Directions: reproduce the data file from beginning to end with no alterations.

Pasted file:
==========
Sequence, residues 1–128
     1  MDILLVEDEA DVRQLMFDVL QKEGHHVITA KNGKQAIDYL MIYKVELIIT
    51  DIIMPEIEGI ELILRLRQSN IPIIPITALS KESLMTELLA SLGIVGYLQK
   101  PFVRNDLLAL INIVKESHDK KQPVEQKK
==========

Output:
Sequence, residues 1–128
     1  MDILLVEDEA DVRQLMFDVL QKEGHHVITA KNGKQAIDYL MIYKVELIIT
    51  DIIMPEIEGI ELILRLRQSN IPIIPITALS KESLMTELLA SLGIVGYLQK
   101  PFVRNDLLAL INIVKESHDK KQPVEQKK